Cossacks, Napoleonic

During the Napoleonic Wars Russia could call upon large numbers of light irregular cavalry, the Cossacks. These troops were descendants of outlaws who had settled in southern Russia and were tribal, being commanded by their tribal chiefs or atamans. They had little effect on organised disciplined troops but they were highly valued as scouts, raiders and skirmishers and harried the French Grande Armee mercilessly in 1812. They were organised by area into sotnias or squadrons and rode hardy steppe ponies. Each man had a spare pony, much like the Mongols before them. They loved weapons and normally carried various including firearms and lances as well as a knout or whip with an iron weighted end. Although some Cossack regiments had uniforms, most Cossacks outfitted themselves in their own somewhat tribal manner. In battle as already mentioned their performance against steady troops was less than impressive but they were skilled scouts and their large numbers (77,000 were listed in the Russian Army in 1795) and barbarous war crys often struck fear into their enemies. They were robbers and looters and were often seen as filthy drunks and some of the Asiatic tribes were very primitive by the time of Napoleonic wars, with the Bashkirs and Kalmucks being little more than medieval cavalry carrying only bows and arrows and gaining the nickname 'cupids' from the French.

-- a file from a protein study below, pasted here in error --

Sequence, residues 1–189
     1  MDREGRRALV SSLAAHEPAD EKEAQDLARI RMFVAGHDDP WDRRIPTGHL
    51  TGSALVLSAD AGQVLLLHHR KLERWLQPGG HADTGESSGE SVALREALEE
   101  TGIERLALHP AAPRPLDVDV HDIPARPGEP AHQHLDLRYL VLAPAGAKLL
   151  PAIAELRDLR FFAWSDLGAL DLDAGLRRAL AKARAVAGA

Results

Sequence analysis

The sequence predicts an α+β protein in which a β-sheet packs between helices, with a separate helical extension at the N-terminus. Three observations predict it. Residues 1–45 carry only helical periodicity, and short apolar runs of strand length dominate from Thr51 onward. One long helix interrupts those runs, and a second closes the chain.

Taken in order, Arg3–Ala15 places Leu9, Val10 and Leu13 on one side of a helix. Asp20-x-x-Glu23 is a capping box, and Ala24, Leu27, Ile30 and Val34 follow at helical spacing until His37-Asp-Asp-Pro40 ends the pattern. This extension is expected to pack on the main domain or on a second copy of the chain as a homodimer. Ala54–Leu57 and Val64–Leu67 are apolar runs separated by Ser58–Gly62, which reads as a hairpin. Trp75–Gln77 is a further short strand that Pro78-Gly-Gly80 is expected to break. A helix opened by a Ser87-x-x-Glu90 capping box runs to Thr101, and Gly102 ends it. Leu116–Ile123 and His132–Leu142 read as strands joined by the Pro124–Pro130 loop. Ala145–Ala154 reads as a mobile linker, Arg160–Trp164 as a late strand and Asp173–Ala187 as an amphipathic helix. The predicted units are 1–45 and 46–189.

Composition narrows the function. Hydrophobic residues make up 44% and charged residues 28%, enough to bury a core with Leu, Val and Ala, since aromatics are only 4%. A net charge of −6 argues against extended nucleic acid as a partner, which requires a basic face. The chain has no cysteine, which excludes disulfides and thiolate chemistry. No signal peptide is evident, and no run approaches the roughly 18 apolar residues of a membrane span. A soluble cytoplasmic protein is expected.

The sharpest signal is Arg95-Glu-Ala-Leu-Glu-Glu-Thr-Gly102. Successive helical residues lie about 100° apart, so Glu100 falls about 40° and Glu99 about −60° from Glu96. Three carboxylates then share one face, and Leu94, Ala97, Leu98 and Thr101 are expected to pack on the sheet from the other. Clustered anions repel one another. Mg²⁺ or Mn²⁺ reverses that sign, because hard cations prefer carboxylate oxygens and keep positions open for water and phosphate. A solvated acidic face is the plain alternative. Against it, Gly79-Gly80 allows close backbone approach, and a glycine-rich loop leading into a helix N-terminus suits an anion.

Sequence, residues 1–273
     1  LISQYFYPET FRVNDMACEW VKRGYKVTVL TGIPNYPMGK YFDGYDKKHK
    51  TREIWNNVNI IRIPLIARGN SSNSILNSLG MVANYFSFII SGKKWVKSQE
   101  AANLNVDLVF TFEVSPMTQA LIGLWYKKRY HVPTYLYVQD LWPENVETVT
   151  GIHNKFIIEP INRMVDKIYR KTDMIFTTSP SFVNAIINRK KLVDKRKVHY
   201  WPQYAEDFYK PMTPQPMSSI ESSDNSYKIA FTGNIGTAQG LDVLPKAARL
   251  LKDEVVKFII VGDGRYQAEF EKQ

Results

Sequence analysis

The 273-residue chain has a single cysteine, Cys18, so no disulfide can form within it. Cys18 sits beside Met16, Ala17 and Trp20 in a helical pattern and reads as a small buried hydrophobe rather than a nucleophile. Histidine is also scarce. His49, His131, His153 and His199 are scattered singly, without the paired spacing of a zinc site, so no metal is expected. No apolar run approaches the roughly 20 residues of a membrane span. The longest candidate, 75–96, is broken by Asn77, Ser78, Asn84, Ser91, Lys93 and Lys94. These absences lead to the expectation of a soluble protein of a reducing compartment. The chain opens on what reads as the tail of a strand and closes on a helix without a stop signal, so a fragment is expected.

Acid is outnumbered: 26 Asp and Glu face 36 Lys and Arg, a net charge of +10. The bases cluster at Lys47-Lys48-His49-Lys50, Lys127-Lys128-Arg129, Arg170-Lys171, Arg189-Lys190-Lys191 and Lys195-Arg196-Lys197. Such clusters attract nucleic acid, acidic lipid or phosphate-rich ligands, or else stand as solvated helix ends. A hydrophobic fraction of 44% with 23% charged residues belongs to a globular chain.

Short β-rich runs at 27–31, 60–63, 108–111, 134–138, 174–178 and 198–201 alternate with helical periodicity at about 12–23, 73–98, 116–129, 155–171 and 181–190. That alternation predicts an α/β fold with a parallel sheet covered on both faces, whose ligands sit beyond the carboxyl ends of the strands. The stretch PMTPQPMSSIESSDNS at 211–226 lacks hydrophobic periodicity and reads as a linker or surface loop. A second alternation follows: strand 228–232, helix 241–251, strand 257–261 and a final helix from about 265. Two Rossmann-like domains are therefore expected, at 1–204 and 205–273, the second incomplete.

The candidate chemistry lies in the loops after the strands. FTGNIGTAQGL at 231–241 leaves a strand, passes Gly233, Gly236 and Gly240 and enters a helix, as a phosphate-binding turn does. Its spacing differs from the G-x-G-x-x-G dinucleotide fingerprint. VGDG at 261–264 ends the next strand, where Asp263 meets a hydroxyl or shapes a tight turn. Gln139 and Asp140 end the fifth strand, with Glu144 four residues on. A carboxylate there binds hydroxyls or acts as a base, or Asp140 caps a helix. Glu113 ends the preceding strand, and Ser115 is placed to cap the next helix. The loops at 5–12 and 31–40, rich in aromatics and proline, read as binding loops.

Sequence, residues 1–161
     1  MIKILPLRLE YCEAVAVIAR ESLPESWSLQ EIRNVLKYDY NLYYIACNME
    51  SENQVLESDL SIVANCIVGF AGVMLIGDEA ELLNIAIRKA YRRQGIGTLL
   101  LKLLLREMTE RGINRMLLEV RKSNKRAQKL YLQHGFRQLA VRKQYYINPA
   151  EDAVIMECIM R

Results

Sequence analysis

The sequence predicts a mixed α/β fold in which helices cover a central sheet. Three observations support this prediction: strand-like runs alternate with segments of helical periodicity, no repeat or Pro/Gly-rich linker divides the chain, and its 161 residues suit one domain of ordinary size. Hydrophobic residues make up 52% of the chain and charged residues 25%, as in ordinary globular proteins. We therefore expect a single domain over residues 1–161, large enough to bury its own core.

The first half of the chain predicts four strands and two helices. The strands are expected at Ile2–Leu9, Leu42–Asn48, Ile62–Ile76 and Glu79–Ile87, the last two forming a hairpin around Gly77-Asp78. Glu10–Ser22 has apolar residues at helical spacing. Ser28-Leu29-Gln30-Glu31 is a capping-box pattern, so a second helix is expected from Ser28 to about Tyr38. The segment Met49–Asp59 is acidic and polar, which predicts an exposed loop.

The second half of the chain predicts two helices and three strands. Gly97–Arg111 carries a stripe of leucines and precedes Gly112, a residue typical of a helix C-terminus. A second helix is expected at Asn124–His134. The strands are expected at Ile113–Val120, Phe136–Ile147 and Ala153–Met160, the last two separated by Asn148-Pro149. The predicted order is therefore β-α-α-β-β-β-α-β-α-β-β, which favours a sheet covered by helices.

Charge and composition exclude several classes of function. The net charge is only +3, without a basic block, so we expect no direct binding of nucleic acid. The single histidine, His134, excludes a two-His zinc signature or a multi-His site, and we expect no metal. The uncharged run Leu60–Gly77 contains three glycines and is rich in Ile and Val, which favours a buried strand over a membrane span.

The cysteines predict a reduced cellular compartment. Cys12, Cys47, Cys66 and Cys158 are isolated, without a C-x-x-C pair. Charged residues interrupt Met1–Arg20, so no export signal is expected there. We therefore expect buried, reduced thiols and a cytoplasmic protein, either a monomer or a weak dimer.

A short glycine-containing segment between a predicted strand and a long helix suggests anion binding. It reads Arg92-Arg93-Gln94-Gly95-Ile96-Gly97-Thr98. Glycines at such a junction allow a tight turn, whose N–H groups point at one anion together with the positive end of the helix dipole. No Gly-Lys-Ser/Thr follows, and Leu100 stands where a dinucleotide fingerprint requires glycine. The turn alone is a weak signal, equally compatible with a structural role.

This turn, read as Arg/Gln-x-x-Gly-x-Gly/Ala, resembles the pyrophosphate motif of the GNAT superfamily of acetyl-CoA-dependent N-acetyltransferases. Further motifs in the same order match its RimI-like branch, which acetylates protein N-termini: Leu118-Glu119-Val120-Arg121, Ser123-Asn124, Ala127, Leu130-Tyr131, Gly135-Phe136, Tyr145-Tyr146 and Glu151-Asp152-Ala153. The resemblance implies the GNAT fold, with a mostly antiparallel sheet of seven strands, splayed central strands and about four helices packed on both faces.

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CossacksThe Cossacks 1799-1815, Laurence Spring. This detailed book looks at the famous Russian Cossacks during the period of the Napoleonic wars. History has given the Cossacks a very mixed reputation and this book helps dispel some of the myths. [see more]
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How to cite this article: Dugdale-Pointon, T. (9 February 2001), Cossacks, Napoleonic,

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